Mixed media artist Ella Richards of New York helps fourth-grader Libby Schuhardt, 10, glue black cut outs of letters to spell out the words "hip hop" on a white piece of watercolor paper.
Richards was at Millstadt Consolidated School on Thursday as part of Art on the Square's Artist in Residency program, which brings renowned artists into local schools.
Richards, who was born in Russia, showed the students her unusual technique called "scissors drawings" where she draws a design on a white piece of paper, which she tapes on top of a black sheet of paper. Then she uses scissors to carefully cut out the design. Once the cutting is complete, the black design is glued onto a white piece of watercolor paper.
Richards and her 17-year-old daughter Felicity was at the Millstadt school a majority of the day helping the students in teacher Gay Otten's art class create their own scissors drawings.
"It looks like a painting, but it's actually a paper cut," Richards told Otten's class of 31 fourth-graders.
Libby, who really likes art, said she chose the words hip hop, because she likes to dance. "It's really cool," she said of the technique used by Richards.
Libby's classmate Kaitlyn Najar, 10, designed a smiley face. "I like to be happy," she said.
Kaitlyn enjoyed working with Richards. "I don't think many people get to do it so I'm pretty happy about it," Kaitlyn said.
Richards was encouraging to the students as they worked. "Don't be frustrated," she told them. "You can do well."
When one girl started to cry because her piece didn't turn out as she planned, Richards comforted her.
"I cry. I scream. Then I start over," Richards said, noting she may do an art piece five or six times before perfecting it. Sometimes she spends a whole week drawing a design and seven or eight hours cutting it out.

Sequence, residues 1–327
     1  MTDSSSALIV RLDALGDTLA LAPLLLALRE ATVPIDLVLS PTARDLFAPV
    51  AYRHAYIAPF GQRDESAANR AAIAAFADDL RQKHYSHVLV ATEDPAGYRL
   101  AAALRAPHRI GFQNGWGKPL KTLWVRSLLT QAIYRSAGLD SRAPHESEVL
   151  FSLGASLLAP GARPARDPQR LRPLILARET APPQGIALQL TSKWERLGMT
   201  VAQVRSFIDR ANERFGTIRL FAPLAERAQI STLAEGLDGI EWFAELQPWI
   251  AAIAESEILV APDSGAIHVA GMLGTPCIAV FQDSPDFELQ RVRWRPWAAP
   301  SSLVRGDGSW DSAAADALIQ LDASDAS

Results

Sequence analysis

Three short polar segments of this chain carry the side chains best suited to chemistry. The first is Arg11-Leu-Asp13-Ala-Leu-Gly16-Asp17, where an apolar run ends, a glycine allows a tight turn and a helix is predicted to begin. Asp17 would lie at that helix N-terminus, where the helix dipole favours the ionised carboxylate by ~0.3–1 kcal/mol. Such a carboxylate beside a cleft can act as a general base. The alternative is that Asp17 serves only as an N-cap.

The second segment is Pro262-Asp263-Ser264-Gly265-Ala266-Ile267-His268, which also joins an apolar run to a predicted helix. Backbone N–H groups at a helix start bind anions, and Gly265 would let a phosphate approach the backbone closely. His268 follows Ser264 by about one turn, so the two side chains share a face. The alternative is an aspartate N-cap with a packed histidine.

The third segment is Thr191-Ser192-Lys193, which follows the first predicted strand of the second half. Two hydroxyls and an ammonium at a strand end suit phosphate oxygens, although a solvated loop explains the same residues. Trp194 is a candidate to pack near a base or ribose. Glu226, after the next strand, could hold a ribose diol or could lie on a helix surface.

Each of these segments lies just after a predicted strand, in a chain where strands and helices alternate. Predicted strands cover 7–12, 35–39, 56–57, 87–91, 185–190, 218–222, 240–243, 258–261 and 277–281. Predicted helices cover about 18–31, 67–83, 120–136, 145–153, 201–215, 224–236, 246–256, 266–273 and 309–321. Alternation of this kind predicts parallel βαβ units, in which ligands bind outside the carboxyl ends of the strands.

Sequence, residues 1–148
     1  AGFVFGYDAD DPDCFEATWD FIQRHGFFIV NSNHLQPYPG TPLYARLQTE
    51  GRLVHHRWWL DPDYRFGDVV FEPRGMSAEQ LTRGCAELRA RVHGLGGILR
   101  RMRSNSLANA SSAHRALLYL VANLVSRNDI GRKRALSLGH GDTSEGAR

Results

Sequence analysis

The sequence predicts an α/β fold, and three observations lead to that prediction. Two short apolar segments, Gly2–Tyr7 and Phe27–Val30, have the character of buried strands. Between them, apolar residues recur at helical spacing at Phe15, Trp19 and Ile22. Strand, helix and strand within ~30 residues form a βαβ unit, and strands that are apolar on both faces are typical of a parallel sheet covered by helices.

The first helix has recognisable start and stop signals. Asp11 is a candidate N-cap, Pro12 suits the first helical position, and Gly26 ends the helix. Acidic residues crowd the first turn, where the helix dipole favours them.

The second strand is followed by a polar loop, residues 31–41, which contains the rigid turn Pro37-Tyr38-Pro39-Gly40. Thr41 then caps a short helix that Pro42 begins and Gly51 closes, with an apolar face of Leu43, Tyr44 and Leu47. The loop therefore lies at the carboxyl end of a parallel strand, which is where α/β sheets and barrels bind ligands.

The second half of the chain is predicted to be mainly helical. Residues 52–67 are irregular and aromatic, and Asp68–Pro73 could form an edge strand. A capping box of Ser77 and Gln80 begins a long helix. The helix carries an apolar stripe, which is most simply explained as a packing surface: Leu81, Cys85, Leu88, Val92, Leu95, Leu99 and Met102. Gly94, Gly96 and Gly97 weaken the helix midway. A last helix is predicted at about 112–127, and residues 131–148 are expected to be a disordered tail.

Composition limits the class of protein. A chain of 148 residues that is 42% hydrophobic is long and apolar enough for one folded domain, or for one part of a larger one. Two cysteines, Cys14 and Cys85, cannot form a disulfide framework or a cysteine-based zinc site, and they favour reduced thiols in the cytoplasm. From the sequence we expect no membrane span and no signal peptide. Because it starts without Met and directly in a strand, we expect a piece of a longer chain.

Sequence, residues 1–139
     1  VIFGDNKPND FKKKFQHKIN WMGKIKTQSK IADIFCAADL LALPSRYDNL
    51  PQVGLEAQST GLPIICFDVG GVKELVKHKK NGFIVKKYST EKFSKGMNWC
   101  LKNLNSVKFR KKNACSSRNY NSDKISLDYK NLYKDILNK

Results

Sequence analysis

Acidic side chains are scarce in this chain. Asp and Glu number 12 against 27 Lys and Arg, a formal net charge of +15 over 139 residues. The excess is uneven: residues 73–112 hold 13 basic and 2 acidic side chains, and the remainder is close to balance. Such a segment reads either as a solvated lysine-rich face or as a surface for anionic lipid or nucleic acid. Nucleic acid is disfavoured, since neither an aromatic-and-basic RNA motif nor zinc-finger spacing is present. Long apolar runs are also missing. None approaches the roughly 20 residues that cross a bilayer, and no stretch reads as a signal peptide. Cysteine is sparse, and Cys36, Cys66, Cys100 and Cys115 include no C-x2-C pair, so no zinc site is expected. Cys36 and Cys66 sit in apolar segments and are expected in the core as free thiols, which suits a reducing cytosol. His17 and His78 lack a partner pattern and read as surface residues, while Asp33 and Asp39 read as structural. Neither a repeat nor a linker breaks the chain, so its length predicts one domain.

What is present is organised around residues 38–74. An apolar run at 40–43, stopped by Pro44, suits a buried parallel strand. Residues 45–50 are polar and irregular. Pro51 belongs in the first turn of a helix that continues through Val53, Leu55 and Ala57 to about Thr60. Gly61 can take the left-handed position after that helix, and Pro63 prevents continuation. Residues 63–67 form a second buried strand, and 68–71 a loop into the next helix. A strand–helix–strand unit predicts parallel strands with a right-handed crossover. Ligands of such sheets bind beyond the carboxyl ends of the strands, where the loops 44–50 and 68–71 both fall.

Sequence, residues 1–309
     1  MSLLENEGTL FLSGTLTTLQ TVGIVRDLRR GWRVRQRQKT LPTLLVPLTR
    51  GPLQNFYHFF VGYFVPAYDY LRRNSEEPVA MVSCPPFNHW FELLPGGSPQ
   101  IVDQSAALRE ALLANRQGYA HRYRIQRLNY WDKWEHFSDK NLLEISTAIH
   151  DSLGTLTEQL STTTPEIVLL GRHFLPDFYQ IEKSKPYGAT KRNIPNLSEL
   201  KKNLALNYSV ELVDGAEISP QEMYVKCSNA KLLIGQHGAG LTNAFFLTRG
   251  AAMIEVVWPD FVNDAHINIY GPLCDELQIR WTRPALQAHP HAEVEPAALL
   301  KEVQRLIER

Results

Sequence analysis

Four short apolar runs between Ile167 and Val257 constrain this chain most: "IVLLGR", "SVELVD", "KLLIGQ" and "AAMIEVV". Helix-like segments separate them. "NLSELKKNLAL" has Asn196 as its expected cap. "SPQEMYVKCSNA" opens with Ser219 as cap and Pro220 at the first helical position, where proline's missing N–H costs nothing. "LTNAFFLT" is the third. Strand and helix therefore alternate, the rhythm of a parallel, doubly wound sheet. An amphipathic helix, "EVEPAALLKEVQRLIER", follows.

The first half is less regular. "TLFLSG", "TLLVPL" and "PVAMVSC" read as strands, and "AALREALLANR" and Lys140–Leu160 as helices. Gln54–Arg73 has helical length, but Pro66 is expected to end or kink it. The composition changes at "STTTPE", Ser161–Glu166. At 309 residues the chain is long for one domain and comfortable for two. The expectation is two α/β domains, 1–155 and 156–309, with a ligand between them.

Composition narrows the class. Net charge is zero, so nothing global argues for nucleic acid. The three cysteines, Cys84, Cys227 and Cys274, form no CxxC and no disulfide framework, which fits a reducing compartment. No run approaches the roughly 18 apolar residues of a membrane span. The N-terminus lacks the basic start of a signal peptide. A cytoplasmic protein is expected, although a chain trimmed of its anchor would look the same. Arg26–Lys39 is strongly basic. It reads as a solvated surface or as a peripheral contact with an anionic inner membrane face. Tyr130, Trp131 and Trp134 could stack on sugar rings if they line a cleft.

Otten described Richards visit to Millstadt school as a "once in a lifetime" opportunity for the students. "They are very fortunate," Otten said. "We are very blessed."
Working with Richards may even inspire the students to be more creative, Otten said. "Once you get the creative juices flowing, you never know what's going to come out," she said.
Otten praised Richards work with the children. "She's so good with the kids," Otten said. "She brings it down to their level and helps them understand."
Before Richards began her scissors drawings, she was a painter, but she stopped after the terrorist attacks of Sept. 11 devastated New York City.
"I felt like life goes too fast in New York," Richards said. "We don't take time to remember people we need to remember."
She's been doing black and white scissors drawings for about eight years now. "I use black and white, because it stops people for a second and makes them reflect."
Richards is one of more than a 100 artists who will showcase their work at this weekend's Art on the Square in downtown Belleville. This is Richards second year at Art on the Square. Last year at the event, she won an award for best artist in the mixed media category.
For more information about Richards and her work, visit http://www.scissorsdrawings.com.
Contact reporter Jamie Forsythe at 239-2562 or firstname.lastname@example.org.